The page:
Stopping and searching suspected terrorists is not leading to arrests and convictions, an analysis of figures shows.
Ministry of Justice data on stop and search arrests show that for every 400 searches under the Terrorism Act, just one leads to an arrest.
The City of London police force stopped and searched 6,846 pedestrians and vehicles and failed to make a single arrest under the Terrorism Act.
It is not thought a single conviction has arisen from a suspect being stopped and searched on the street on suspicion of terrorism, although the police maintain the practice still disrupts terrorist activity.
The figures show the number of stop and searches rose considerably in the wake of the 2005 London bombings. In 2005-06, 44,453 stop and searches were carried out, a rise of 34 per cent.
Asians bore the brunt of this increase, with an 84 per cent rise in stop and search.
Black people were stopped 51 per cent more times under the Terrorism Act. Stop and searches for other ethnic groups rose 36 per cent and white people were stopped 24 per cent more.
Police forces in London remain the most prolific, with the Met carrying out a half of all stop and searches and the City of London 15 per cent.
The number of stop and searches carried out under the Police and Criminal Evidence Act has also continued to rise with a marked racial divide.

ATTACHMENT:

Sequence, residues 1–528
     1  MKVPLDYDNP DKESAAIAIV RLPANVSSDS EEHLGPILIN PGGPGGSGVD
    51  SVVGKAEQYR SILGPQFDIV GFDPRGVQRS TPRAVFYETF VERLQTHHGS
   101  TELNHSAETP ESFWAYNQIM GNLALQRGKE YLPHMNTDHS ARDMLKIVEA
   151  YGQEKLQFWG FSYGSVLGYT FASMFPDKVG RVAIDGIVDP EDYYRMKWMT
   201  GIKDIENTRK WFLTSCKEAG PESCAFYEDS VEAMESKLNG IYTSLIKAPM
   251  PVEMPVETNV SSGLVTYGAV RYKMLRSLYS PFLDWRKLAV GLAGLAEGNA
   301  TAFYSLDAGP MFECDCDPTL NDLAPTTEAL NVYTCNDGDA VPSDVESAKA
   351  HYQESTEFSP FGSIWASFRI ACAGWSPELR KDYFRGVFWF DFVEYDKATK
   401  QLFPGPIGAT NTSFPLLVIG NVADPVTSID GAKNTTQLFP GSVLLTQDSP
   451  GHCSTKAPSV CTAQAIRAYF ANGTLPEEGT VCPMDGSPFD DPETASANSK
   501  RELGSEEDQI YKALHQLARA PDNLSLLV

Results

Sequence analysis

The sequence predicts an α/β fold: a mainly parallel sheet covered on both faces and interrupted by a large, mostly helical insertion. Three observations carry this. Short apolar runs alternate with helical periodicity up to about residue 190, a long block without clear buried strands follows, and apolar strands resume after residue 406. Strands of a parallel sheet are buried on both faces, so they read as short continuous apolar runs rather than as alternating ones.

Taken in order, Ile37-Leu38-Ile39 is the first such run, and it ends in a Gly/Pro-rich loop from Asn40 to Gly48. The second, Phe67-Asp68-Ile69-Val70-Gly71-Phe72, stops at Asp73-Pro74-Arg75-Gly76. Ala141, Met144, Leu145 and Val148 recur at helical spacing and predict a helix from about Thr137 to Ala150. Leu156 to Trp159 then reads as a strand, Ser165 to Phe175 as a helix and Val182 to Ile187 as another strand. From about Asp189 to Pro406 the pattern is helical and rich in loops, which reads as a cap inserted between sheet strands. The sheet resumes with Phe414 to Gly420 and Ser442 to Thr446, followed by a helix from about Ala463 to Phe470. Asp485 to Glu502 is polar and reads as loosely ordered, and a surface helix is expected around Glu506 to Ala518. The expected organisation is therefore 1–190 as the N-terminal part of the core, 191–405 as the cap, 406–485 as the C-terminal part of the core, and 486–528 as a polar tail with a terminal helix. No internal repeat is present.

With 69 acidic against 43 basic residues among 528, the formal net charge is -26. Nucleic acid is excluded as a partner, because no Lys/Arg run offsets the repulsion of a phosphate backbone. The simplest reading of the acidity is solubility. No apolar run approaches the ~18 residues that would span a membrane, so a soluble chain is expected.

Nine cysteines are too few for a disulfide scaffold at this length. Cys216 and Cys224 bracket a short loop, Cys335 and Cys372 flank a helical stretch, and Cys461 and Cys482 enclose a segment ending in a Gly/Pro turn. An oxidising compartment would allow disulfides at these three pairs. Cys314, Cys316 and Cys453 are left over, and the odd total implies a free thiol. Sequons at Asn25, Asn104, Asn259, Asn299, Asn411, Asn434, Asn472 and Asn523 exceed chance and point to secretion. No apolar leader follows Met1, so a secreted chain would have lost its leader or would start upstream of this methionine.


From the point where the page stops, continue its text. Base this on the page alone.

Overall the number of people stopped and searched has hit a seven-year high of 878,153 after a 3.4 per cent rise.
Black people were seven times more likely than their white counterparts to be stopped and searched, while 75 per cent of people stopped by the Met were black.
Drugs were cited as the main reason for suspicion. Of those searched, 13 per cent of black people were arrested, compared to 12 per cent for all ethnic groups.
The government defended the use of stop and search.
A Home Office spokesperson said: "The government wholly supports the powers of stop and search and believes it to be a vital tool for police officers in preventing, detecting and reducing crime, whether it be street robbery, gun crime, drug-dealing or terrorism.
"The key to effective and fair use of stop and search is that it should be used in a targeted, intelligence-led way, with good grounds and based on accurate, up-to-date intelligence.
"Our aim is to ensure that officers have the confidence to use the powers effectively to tackle crime, whilst promoting confidence in their use amongst all members of the community."